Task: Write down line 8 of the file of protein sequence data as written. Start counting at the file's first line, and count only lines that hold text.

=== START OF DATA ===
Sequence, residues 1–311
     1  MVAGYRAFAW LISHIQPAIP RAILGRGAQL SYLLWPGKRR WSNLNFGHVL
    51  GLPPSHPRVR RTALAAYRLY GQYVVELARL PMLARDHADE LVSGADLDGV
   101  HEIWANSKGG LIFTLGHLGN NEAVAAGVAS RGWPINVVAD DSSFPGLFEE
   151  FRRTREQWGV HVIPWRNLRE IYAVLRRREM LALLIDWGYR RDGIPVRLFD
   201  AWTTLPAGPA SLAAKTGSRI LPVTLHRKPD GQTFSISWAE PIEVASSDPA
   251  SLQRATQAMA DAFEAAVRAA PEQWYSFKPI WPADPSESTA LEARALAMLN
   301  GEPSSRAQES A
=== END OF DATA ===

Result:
   301  GEPSSRAQES A